Beyond IBM Model 1

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30 Οκτ 2013 (πριν από 4 χρόνια και 8 μέρες)

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Beyond IBM Model 1

4
th

April 2011


(adapted from notes from Philipp Koehn & Mary Hearne)



Dr.

Declan
Groves,
CNGL, DCU

dgroves@computing.dcu.ie

IBM Model 1: Formal Description


Generative model: break up translation into smaller steps


More formally…


Translation probability:


Foreign (for this case, we’ll say French…) sentence

=
(

1





) of length





English sentence

=
(

1




)

of length





Each French word



is generated by an English word

𝑎
(

)
, as
defined by the alignment function

:



, with the probability
𝑡




,


=

𝑡
(


|

𝑎

)



=
1


(

)

= English
position connected
by the

𝑡ℎ


French
word in alignment


IBM Model 1: Formal Description


𝑃


,

=
𝑃
(
𝑎
,

|

)
𝑃
(

|

)


=
𝑃
(
𝑎
,

|

)

𝑃
(
𝑎
,

|

)
𝑎


=


𝑡
(

𝑗
|

𝑎
𝑗
)
𝑙

𝑗
=
1


𝑡
(

𝑗
|

𝑎
𝑗
)
𝑙

𝑗
=
1
𝑎


This means in order to compute the denominator, we need to compute the
probabilities of all possible alignments for each sentence pair.


How many alignments are there?






In other words we have to carry out
(




)
(


)

arithmetic operations,
which is far too many for a practical proposition:



Sum over all
possible alignments

IBM Model 1: Formal Description


𝑡

1

1
×
𝑡

2

1
×
𝑡

3

1
×

×
𝑡




1
+


𝑡

1

1
×
𝑡

2

1
×
𝑡

3

1
×

×
𝑡




2
+


𝑡

1

1
×
𝑡

2

1
×
𝑡

3

1
×

×
𝑡




3
+





𝑡

1

1
×
𝑡

2

2
×
𝑡

3

1
×

×
𝑡




1
+


𝑡

1

1
×
𝑡

2

2
×
𝑡

3

1
×

×
𝑡




2
+


𝑡

1

1
×
𝑡

2

1
×
𝑡

3

1
×

×
𝑡




3
+





𝑡

1

2
×
𝑡

2

2
×
𝑡

3

2
×

×
𝑡




1
+


𝑡

1

2
×
𝑡

2

2
×
𝑡

3

2
×

×
𝑡




2
+


𝑡

1

2
×
𝑡

2

2
×
𝑡

3

2
×

×
𝑡




3
+





𝑡

1

1
×
𝑡

2

1
×
𝑡

3

1
×

×
𝑡






+






IBM Model 1: Formal Description


However, there are regularities in this expression which we
can factor out.


For example, we can factor out
𝑡

1

1

from all the rows it occurs.


Difference between
xy

+
xz

(3 arithmetic operations) and x(
y+z
) (2
arithmetic operations)


IBM Model 1: Formal Description


𝑡

1

1
×
𝑡

2

1
×
𝑡

3

1
×

×
𝑡




1
𝑡

2

1
×
𝑡

3

1
×

×
𝑡




2

𝑡

2

2
×
𝑡

3

1
×

×
𝑡




1
𝑡

2

2
×
𝑡

3

1
×

×
𝑡




2
𝑡

2

1
×
𝑡

3

1
×

×
𝑡




3

+





𝑡

1

2
×
𝑡

2

2
×
𝑡

3

2
×

×
𝑡




1
+


𝑡

1

2
×
𝑡

2

2
×
𝑡

3

2
×

×
𝑡




2
+


𝑡

1

2
×
𝑡

2

2
×
𝑡

3

2
×

×
𝑡




3
+





𝑡

1

1
×
𝑡

2

1
×
𝑡

3

1
×

×
𝑡






+






IBM Model 1: Formal Description


However, there are regularities in this expression which we
can factor out.


For example, we can factor out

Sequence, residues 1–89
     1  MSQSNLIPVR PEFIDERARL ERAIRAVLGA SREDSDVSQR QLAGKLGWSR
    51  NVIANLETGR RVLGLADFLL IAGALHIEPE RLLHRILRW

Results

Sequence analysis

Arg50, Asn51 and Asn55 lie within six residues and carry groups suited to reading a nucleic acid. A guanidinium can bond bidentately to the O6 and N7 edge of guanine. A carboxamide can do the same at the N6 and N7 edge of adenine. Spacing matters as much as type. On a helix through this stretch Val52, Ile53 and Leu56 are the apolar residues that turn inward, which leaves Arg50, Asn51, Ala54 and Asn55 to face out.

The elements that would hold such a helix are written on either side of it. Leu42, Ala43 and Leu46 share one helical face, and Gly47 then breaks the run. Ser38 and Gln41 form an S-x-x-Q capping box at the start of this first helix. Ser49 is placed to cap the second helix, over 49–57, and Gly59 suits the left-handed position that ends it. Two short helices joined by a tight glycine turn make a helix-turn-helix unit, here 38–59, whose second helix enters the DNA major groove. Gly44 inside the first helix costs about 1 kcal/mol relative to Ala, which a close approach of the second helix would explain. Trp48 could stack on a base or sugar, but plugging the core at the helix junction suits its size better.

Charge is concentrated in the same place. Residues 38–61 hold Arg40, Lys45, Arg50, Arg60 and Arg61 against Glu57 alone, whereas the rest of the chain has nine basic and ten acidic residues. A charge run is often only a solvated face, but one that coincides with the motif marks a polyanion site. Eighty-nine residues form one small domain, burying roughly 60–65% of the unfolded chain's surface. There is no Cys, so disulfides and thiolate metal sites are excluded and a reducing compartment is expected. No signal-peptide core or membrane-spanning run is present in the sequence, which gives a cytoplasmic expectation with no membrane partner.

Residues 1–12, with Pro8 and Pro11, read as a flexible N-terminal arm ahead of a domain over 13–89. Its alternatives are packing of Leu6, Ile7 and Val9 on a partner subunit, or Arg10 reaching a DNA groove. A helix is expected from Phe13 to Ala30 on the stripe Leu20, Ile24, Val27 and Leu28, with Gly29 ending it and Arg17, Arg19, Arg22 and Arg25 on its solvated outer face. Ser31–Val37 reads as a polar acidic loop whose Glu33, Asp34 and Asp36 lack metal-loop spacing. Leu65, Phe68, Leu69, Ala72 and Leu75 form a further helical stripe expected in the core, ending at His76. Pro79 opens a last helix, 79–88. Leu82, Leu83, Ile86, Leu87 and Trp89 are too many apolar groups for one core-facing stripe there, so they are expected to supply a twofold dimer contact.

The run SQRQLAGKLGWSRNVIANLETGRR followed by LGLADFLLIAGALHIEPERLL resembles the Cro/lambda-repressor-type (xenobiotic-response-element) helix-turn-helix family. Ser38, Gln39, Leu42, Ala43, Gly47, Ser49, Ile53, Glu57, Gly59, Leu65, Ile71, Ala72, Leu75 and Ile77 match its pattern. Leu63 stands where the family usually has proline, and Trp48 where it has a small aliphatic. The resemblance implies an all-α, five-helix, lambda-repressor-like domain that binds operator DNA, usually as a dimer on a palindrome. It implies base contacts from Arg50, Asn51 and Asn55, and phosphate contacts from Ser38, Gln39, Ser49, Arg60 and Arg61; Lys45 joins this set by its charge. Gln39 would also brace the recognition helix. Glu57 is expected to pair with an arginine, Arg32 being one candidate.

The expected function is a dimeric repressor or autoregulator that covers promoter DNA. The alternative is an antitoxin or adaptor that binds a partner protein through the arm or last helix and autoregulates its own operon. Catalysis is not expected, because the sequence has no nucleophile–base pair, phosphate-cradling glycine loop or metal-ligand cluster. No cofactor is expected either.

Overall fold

𝑡

1

1

from all the rows it occurs.


Difference between
xy

+
xz

(3 arithmetic operations) and x(
y+z
) (2
arithmetic operations)


Factoring out continually gives us:






Makes solution tractable




𝑡



𝑎

=




=
1


𝑡







=
1




=
1
𝑎

IBM Model 1: Pseudocode

initialize t(
e|f
) uniformly

do


set count(
e|f
) to 0 for all
e,f


set total(f) to 0 for all f


for all sentence pairs(
e_s,f_s
)


for all words e in
e_s


total_s
=0


for all words f in
f_s


total_s

+= t(
e|f
)


for all words e in
e_s


for all words f in
f_s


count(
e|f
) += t(
e|f
) /
total_s


total(f) += t(
e|f
) /
total_s


for all f in domain( total(.) )


for all e in domain( count(.|f) )


t(
e|f
)=count(
e|f
) / total(f)

until convergence




EM
algorithm

Beyond IBM Model 1


So far, we’ve worked using IBM Model 1, computing
according to the following formulae:





In other words, we’re saying the likelihood of two strings
corresponding is calculated only in terms of word
-
translation probabilities



𝑡



𝑎

=




=
1


𝑡







=
1




=
1
𝑎

color

print head


t
ête
d’impression

couleur

Beyond IBM Model 1


But what about this one:




Calculating alignment probabilities (and therefore, string
correspondences) based only on word
-
for
-
word
translation probabilities does not necessarily yield
particularly good alignments


This is why, before, we talked about things like
fertility
,
distortion

and
insertion
.

changing your printer settings


modification de les options de impression

IBM Model 2


IBM Model 2 involves both word translations and distortions


Distortion probabilities:





Reverse distortion probabilities:





Model 2 uses these reverse distortion probabilities




,






French position English position English $ length French $ length

𝑟


,






French position English position English $ length French $ length

IBM Model 2


How to incorporate reverse distortion probabilities:




This model may:


Penalise an alignment connecting words which are very far apart, even if
these words are (statistically) good translations of each other.


Prefer alignments on the basis of positioning, which can be useful where
the words themselves are rare and, therefore, we don’t have good t
-
values for them


To find the
best

alignment:




EM training of this model works the same way as IBM Model 1